The Google Project Zero team has found a vulnerability in Symantec's Antivirus Engine. Run on Windows, the vulnerability results in instant blue-screening and kernel memory corruption.
Tavis Ormandy, an information security engineer in Google's Project Zero team discovered the vulnerability, which is a buffer overflow that occurs when parsing malformed portable-executable (PE) header files.
Ormandy went on to explain that, "On Windows, this results in kernel memory corruption, as the scan engine is loaded into the kernel (wtf!!!), making this a remote ring0 memory corruption vulnerability -- this is about as bad as it can possibly get,"
According to Ormandy, the exploit results in a remote heap overflow as root in the Symantec or Norton process when used in Linux, OS X, and other Unix-based systems. Detailing his findings in the Project Zero issue tracker, Ormandy said that “"No user interaction is required to trigger the parsing of the malformed file."
In an advisory on the issue, numbered CVE-2016-2208, Symantec said, "such malformed PE files can be received through incoming email, downloading of a document or application, or by visiting a malicious web site."
According to Symantec, the "most common symptom of a successful attack", would be a system crash and a blue screen of death.
When Ormandy attempted to inform Symantec of the vulnerability, the email he sent crashed Symantec's mail server. "This is a remote code execution vulnerability. Because Symantec use a filter driver to intercept all system I/O, just emailing a file to a victim or sending them a link is enough to exploit it," Ormandy explained.
Symantec pushed out a fix for the issue on Monday, and said products that run it's LiveUpdate product should be be patched. According to Ormandy, Symantec Endpoint Antivirus, Norton Antivirus, Symantec Scan Engine, and Symantec Email Security on all platforms were affected, as well as "probably all other Symantec Antivirus products".
Fraser Kyne, regional SE director at Bromium spoke with SCMagazineUK.com and said that, “the fact that AV isn't enough to protect from modern threats has been accepted in the industry for a long time – even by the AV vendors themselves. However, the realisation that security software itself can actually introduce new vulnerabilities will be a shock to many.”
“There is a simple rule: more code equals more vulnerabilities. When you install software, you add to the attack surface of the machine. AV is no exception. Add to this that malware detection rates are terrible, and that detection in concept is largely useless for polymorphic, targeted, 0-day malware, and it starts to question the use of AV at all.”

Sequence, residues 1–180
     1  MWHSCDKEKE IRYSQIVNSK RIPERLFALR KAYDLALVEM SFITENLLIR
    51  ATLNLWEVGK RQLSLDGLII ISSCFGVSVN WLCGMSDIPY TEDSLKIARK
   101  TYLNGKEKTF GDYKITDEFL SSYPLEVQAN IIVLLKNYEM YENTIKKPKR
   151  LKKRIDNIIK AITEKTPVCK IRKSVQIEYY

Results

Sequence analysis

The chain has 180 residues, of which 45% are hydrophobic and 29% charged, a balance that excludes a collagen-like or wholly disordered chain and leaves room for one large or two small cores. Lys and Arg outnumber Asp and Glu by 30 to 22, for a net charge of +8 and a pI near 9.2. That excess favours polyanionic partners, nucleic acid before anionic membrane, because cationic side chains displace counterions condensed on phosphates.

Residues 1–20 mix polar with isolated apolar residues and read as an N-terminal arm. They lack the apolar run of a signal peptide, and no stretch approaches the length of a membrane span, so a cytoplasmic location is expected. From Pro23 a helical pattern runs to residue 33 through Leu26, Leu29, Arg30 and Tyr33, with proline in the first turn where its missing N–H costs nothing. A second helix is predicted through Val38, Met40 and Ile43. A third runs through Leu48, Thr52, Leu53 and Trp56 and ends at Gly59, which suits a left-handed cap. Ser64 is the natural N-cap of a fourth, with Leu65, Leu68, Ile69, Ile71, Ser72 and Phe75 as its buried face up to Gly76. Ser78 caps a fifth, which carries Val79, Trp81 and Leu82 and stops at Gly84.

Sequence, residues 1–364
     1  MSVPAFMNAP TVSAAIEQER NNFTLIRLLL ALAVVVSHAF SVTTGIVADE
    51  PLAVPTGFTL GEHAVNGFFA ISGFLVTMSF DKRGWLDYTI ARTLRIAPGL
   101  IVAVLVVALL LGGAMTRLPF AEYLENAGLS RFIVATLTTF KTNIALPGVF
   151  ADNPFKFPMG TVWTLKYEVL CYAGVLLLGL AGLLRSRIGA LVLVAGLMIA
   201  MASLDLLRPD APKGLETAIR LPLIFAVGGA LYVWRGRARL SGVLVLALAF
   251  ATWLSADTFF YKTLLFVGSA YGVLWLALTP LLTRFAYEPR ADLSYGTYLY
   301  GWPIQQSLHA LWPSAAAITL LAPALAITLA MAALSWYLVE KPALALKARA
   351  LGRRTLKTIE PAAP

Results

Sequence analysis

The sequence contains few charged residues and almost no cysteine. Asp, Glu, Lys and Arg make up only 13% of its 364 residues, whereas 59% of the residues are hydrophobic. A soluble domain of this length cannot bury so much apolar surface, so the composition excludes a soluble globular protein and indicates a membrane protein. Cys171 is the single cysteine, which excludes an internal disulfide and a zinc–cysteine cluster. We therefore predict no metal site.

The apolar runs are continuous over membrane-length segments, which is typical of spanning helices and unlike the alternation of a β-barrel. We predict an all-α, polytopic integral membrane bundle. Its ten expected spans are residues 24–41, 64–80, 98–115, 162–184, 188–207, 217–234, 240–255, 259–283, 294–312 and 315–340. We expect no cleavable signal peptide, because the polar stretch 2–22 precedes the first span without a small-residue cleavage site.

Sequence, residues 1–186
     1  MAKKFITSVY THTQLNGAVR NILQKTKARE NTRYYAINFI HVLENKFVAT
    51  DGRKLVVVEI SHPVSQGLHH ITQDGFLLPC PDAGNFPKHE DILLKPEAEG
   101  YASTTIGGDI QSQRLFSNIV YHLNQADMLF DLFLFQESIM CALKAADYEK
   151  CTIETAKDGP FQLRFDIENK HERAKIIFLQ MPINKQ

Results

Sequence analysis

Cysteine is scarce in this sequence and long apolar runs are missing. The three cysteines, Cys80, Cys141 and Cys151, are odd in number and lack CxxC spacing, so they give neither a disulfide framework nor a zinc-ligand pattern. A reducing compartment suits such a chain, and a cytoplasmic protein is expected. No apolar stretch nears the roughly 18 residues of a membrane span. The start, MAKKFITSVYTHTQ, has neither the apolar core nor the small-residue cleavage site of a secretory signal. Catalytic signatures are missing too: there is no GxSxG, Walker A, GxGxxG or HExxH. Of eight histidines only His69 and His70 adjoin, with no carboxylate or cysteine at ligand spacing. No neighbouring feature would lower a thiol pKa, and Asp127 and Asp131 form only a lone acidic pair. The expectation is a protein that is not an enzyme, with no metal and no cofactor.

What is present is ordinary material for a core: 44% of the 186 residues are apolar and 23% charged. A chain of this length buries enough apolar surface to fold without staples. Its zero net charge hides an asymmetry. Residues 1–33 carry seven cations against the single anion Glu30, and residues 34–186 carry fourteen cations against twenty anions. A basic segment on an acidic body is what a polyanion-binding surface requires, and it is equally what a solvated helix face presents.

“Common wisdom is to apply a layered approach of defence-in-depth. But if you do this without layers of separation/isolation and rely on detection at each layer, then you're kidding yourself and wasting your money. Tools like micro virtualization must be considered in order to fill the gaps.”
Aftab Afzal, senior vice president and general manager of EMEA at NSFOCUS IB spoke with SC and said that, “This is a very unfortunate incident for Symantec, however no security solution is infallible, so that's why defence in depth with multi-layered controls is always the recommended approach. Attack vectors continue to evolve, and this is clearly not the first time we have seen antivirus being reversed engineered.”
“The endpoint is last in the line, therefore putting in place cloud, perimeter or sandbox environments will limit the impact. Using the latest vulnerability (and) threat intelligence, whilst working with a diverse range of vendors, can reduce the risk. Smart vendor selection will meet most all budgets.”
Matthias Maier, security evangelist Splunk spoke with SC and said that, “one measure to up level your security posture and reduce the impact of modern attacks that make it into your network is to use data science and machine learning for automated analysis, based on all log and activity data to detect attacks early and enable security teams to respond quickly. With visibility across the entire IT infrastructure, companies can spot normal versus abnormal activity and understand what's going on to be able to respond in a more timely manner with the right actions.”